Drug testing centre of excellence
A FORENSIC laboratory in Suffolk is set to become one of the foremost sports drug testing companies in the world.The Horseracing Forensics Laboratory Ltd in Newmarket has already cornered the market in doping tests in horseracing and greyhound racing, and is now working towards accreditation from the International Olympic Committee(IOC) and recognition from the World Anti Doping Agency.
A FORENSIC laboratory in Suffolk is set to become one of the foremost sports drug testing companies in the world.
The Horseracing Forensics Laboratory Ltd in Newmarket has already cornered the market in doping tests in horseracing and greyhound racing, and is now working towards accreditation from the International Olympic Committee(IOC) and recognition from the World Anti Doping Agency.
This accreditation would put the company in the unique position of being qualified to test both animals and athletes, along with premiership footballers and international rugby players.
Managing director David Hall said: "We started working towards accreditation from the IOC several years ago under the guidance of UK Sport, the Government agency responsible for doping tests in sport, but the process took so long and would have taken business away from King's College London, which deals with athletics and sports testing.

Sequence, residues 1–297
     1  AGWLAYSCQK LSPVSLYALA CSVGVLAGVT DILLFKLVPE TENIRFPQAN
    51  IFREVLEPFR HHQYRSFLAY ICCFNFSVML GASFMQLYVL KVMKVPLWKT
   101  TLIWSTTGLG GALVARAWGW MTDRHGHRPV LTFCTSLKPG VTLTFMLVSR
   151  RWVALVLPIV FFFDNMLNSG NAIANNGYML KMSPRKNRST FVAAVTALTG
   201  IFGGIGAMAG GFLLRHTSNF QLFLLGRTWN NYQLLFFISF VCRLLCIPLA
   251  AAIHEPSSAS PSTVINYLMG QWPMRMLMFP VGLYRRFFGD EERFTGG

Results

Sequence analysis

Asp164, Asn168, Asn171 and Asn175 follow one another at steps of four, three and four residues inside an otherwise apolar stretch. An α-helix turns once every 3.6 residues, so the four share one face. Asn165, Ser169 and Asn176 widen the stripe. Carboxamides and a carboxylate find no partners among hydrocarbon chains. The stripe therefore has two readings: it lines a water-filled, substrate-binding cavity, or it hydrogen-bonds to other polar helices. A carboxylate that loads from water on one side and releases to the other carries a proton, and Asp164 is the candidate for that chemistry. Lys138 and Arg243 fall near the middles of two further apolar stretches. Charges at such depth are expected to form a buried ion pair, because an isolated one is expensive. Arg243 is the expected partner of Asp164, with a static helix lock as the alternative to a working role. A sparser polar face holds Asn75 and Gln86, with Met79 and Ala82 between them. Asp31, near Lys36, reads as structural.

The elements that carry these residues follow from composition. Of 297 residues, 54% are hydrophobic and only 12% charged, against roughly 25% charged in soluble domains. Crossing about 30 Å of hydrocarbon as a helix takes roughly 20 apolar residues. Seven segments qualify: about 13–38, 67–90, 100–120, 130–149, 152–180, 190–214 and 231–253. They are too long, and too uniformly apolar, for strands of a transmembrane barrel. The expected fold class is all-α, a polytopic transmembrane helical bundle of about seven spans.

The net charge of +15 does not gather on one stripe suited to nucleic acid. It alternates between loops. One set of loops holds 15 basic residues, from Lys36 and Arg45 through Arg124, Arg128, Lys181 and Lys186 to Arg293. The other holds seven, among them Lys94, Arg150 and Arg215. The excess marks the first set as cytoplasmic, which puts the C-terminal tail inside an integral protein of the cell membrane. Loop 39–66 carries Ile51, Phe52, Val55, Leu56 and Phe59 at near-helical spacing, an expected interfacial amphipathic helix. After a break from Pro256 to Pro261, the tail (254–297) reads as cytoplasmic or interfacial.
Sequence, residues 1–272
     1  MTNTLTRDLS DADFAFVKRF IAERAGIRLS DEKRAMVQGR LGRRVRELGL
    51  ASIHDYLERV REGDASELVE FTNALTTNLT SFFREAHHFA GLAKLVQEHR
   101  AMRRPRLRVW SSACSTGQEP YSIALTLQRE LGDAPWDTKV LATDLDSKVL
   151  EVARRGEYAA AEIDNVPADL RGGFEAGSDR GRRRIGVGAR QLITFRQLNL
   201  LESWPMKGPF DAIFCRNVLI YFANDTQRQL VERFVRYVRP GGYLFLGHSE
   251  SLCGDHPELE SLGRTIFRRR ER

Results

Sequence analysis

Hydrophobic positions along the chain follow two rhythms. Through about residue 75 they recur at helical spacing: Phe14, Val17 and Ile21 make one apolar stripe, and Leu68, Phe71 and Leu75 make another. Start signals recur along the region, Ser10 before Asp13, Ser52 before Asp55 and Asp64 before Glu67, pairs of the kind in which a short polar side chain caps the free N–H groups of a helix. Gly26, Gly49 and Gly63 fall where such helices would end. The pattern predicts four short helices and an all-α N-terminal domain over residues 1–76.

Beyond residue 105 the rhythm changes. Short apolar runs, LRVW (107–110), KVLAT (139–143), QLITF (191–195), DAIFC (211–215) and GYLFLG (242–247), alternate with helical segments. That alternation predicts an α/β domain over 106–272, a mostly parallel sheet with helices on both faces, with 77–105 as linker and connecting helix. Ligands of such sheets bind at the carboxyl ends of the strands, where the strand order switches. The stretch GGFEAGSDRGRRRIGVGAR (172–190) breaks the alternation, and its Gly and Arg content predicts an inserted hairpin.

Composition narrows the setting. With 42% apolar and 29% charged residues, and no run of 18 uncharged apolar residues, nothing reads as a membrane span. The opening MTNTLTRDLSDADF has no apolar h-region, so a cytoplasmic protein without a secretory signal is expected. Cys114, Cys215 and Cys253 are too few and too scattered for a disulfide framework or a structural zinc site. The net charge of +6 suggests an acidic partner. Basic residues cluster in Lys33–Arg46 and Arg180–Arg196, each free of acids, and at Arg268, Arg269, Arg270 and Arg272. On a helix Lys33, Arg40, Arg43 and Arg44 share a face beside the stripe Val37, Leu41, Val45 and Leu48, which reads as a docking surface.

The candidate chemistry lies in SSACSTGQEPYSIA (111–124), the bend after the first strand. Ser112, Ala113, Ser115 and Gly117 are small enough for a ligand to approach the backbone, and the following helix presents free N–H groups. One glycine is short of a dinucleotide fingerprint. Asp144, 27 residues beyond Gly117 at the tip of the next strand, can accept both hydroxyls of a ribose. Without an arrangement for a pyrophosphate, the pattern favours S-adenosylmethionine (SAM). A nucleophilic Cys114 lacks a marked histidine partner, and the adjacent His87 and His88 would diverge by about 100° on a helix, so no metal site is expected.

"We have a good relationship with King's and it would have been unhealthy competition for both of us, but last year UK Sport announced that funding for doping would be doubled, so we started the process again."
He added: "This will be a great boost for the company and will set us up as a centre of excellence to cover the whole range of doping activity."
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Mr Hall said he expects the process, whereby the company's own standards are examined, to be complete by the end of summer and for testing to begin in the autumn.
The company, which was formed around 40 years ago, already deals with 23,000 blood and urine samples annually and is the sole UK tester of horses and dogs involved in sport.
It is unlikely that the amount of doping tests carried out will double in line with funding, said Mr Hall, but the increased funding should herald a significant increase in testing activity.
Dope testing has received intense media scrutiny recently as Manchester United star Rio Ferdinand this week lost his bid to have an eight month ban lifted after he failed to turn up a routine dope test, and tennis star Greg Rusedski was cleared of using a banned substance.